In the now-classic Apple(AAPL) commercials, Mac Guy occasionally remarks to PC Guy that Macs don't have the security Relevant Products/Services problems of PCs. But now, Mac Guy might have PC Guy's problems. Within hours of Monday's announcement that Safari 3 beta was available for Windows, three security blogs identified vulnerabilities in the Apple-made browser.
While Apple's marketing information suggests Safari has been "designed to be secure from day one," security experts Aviv Raff, David Maynor, and Thor Larholm found otherwise -- in some cases simply by opening a malicious Web site in Safari.
Bloggers Unveil Issues
Writing on the Errata Security blog, David Maynor said on Monday that using "publicly available tools," he and associates found "six bugs in an afternoon; four DoS and two remote code execution bugs." DoS refers to a denial-of-service attack in which packets of data can overwhelm and then crash a computer.
The bugs work not only on the Windows version of Safari, Maynor wrote, but also on the version for Apple's OS X. "Same code base for a lot of stuff," he said.
Maynor said that his disclosure policy was to "give vendors as long as they need to fix problems." But "if the vendor is unresponsive" or makes threats, he wrote, after 30 days he will release the full details. In any case, he said, the information on the vulnerabilities will not be sold to a third party.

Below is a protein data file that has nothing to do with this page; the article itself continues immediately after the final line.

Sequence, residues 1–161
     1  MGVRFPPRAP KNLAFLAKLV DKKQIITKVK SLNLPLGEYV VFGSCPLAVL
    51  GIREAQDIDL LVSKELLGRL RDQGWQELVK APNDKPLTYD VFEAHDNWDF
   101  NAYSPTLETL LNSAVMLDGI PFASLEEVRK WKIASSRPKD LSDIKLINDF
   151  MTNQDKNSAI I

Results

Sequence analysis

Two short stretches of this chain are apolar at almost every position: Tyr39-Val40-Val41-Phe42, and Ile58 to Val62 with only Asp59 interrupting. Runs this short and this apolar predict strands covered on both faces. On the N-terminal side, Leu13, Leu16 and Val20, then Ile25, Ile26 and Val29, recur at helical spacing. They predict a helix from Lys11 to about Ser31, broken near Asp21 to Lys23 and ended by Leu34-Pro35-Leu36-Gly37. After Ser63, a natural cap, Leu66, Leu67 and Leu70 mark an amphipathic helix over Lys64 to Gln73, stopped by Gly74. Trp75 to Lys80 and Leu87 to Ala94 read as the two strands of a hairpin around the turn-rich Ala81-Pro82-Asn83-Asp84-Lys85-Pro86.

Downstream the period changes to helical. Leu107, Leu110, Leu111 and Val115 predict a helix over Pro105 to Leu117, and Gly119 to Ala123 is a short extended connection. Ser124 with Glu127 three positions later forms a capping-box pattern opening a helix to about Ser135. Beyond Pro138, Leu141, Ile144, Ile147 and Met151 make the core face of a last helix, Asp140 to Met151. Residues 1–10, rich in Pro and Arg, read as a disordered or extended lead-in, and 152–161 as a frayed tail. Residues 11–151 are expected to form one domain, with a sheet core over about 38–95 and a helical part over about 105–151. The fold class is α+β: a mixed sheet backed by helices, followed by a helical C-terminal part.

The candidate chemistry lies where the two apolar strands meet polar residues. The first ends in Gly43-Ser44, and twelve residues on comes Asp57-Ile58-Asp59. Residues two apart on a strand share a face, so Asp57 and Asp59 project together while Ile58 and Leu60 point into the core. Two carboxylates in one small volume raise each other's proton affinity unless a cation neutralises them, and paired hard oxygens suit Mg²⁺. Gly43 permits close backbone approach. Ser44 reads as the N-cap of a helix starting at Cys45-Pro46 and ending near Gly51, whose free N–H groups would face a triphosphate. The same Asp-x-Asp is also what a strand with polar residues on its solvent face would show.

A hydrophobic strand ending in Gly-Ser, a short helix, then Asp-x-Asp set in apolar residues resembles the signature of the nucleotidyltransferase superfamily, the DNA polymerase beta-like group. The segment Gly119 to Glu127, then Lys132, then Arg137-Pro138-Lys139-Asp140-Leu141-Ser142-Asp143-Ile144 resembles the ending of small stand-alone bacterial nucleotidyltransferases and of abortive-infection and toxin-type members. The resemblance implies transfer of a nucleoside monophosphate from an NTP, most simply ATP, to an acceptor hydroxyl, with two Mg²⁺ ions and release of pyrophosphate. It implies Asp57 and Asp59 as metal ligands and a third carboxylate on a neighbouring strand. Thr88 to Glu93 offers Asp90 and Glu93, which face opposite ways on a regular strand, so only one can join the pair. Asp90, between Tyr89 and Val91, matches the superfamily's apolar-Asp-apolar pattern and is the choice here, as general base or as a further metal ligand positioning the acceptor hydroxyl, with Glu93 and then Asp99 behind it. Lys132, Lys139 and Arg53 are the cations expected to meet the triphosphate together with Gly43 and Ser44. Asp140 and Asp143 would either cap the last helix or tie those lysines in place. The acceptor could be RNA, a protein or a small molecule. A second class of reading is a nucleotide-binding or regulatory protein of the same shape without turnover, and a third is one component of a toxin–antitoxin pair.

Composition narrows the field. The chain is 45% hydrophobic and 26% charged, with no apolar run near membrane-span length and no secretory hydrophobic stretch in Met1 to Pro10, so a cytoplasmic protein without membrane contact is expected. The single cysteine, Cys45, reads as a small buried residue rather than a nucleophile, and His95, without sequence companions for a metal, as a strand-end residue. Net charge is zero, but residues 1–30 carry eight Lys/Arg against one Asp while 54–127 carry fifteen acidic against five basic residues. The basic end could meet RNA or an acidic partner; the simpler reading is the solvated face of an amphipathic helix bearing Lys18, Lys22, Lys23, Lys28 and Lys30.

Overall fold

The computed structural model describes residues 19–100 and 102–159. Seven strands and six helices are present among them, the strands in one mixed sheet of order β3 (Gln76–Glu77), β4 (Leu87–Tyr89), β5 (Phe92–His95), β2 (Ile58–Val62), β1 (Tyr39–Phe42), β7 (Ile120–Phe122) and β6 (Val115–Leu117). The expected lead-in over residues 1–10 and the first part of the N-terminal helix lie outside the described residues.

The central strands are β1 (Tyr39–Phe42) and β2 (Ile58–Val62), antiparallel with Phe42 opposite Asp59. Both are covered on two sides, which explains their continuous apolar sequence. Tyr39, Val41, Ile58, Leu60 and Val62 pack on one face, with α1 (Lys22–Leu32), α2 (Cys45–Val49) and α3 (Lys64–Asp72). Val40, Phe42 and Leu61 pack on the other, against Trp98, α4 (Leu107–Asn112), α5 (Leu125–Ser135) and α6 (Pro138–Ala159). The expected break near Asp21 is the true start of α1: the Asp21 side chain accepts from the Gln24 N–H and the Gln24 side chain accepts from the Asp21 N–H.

Thor Larholm, on his blog Larholm.com, wrote today that, within two hours of downloading, installing, and using Safari for Windows, he found a "fully functional command execution vulnerability, triggered without user interaction simply by visiting a Web site."
He pointed out that Safari was originally designed for tight integration with OS X, but "the breadth of knowledge is crippled when the software is released on other systems and mistakes and mishaps occur." When Apple released Safari for Windows, he noted, the company neglected to implement Windows-specific URL protocol handlers. The result is that a malicious user can "break out of the intended confines and wreak havoc."
On his blog, aviv.raffon.net, Aviv Raff said that he found "memory corruption" that "might be exploitable," although he added that he'll "have to dig more to be sure of that."
Hackers have long wanted to get their hand on the iPod and you can bet the iPhone is just too tempting for them. With the planned integration between the browser and the devices, the security breaches in Safari will open that door. How long before Microsoft's (MSFT) PC guy has his own commercial out there?
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